Summer Food Program to begin its 19th year
Thursday, June 05, 2014 12:01 AM
Children enjoy food and activities at the Summer Food Program, sponsored by the YWCA of Van Wert County. The Summer Food Program will begin its 19th year on Monday, June 16. (Submitted photo)
VAN WERT — A local program that helps kids and parents alike during the long summer is set to start again on Monday, June 16. This will be the 19th summer for the YWCA of Van Wert County sponsoring the free Summer Food Program for area youth. The program, which started with a handful of children, has grown incredibly.
“The first couple of years we had around 30 kids and we were really excited about it,”exclaimed Program Director Danni Chiles. “Now we have usually 200 a day and register 300!”
The number of kids has grown over the years, and so has the number of staff needed to keep things under control and safe. This summer, there will be 21 staff members on hand specifically for the Summer Food Program. That includes 16 mentors, two supervisors, two cooks, and a life guard.
Last year, The YWCA staff served more than 20,000 meals during the summer. Backpack meals are also made available for the weekends. While during the school year, free and reduced-price breakfast and lunches through the School Breakfast and National School Lunch Programs provide nutritional food for area children, the Summer Food Program aims to fill in the gap between the end of classes and the beginning of the next school year.
But the program is about much more than food. There is an assortment of positive activities on the agenda.
Chiles said, “That includes field trips, volunteer opportunities, interactions with a variety of speakers and presentations, and create mentoring relationships to encourage constructive decision making.” She listed activities like Fire and Police Department tours, days with the Boy Scouts, the Girl Scouts, and OSU Extension, The Summer Reading Program at the Brumback Library, a STEM camp in cooperation with Vantage Career Center, and for the older kids, a mock trial with Judge Jill Leatherman, and some time helping cleanup duties for the Van Wert Parks Department at Jubilee Park.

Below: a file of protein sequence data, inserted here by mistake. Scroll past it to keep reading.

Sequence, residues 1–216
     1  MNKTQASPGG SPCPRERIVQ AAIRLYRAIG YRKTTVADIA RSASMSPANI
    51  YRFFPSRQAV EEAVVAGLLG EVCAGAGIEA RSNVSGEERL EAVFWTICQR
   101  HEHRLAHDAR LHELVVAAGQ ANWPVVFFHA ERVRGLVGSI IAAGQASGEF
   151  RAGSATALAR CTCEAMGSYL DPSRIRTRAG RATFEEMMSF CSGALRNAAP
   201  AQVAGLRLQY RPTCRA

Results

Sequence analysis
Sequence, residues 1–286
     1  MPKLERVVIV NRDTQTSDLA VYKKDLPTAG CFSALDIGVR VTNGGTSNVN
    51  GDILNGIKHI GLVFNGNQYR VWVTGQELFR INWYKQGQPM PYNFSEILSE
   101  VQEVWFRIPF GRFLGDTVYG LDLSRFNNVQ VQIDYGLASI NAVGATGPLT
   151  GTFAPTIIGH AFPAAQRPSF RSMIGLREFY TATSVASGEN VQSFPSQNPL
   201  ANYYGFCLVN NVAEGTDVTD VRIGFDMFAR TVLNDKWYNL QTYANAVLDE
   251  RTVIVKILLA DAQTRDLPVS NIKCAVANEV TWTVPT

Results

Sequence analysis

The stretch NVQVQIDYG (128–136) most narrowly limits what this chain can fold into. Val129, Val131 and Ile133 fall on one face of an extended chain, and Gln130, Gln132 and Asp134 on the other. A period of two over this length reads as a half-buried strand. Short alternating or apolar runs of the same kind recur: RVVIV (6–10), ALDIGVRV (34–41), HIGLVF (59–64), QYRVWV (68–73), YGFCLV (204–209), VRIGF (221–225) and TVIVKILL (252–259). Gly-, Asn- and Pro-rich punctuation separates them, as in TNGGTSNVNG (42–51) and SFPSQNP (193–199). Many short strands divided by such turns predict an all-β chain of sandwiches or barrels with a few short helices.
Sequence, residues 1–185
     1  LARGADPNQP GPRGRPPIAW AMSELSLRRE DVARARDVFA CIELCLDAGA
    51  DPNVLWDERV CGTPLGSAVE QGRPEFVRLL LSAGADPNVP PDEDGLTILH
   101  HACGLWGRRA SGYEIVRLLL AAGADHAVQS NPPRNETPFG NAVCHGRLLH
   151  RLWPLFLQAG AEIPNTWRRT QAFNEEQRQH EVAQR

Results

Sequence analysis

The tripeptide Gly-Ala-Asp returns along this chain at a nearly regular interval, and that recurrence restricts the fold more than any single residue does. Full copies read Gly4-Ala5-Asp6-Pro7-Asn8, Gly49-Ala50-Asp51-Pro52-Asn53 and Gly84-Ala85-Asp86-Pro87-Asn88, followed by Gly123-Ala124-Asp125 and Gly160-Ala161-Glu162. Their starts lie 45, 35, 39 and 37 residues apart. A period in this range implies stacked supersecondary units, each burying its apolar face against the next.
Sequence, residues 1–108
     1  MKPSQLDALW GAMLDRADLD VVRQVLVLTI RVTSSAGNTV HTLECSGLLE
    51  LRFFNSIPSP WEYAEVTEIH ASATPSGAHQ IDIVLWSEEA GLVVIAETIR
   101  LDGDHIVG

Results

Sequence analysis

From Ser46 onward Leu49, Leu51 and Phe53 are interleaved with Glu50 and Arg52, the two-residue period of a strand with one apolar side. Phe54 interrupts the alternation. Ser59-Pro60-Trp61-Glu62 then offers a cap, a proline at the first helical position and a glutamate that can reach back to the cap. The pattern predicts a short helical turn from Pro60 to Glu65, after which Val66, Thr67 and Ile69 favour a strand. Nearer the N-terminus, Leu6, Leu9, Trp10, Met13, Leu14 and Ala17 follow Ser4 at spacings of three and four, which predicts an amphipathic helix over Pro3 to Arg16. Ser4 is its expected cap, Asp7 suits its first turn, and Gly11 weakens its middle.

“All activities are well supervised by qualified mentors, supervisors, and lifeguards,” Chiles summarized. “Anything we can walk to, we do!”
Chiles thanked Van Wert City Schools Superintendent Ken Amstutz for helping with some transportation needs this summer. She also noted that the program used the grassy area around the Goedde Building on Crawford Street last year, but this year the walk will be shorter with the destination for several activities being the future Franklin Park, at the former Franklin School site.
“I realize that it’s just a big open field right now, but there are a lot of things you can do at a big open field!” Chiles noted. “And it’s an easier walk for the younger kids.”
The free, nutritious meals and recreational programs will be available for children 4-15 years of age. The free meals are available to any child ages 4-18 years old.
There are a few restrictions for the younger kids. For instance, all four-year-olds must be potty-trained to participate in the recreation program. Breakfast is served from 8- 9 a.m. while lunch will be from 11:30 p.m.-1 p.m. Children may be dropped off no earlier than 8 a.m. and picked up no later than 1 p.m. The program will run between June 16-August 15.
Meals will be provided without regard to race, color, national origin, gender, age, or disability, and there will be no discrimination in the course of the meal service.
Registration is being taken now. Registration forms are available at the front desk of the YWCA or through the YWCA of Van Wert County’s website – www.ywca.org/vanwertcounty. The Ohio Department of Education, Child Nutrition Services and the United Way of Van Wert County are the sponsors of this program.
The YWCA is a United Way and Van Wert County Foundation funded agency. For more information, contact Danni Chiles, Program Director, at (419) 238-6639.
Chiles noted that she gets comments from parents, talking about how the program helps with childcare budgets, lessening the food outlay for the summer and saving money that would ordinarily be spent on child care.
“The don’t have to worry about them getting two of their meal each day. Some say it really helps to get the kids out doing something instead of sitting on the couch playing video games all day, and it keeps them out of trouble since all of our activities are supervised,” she reported.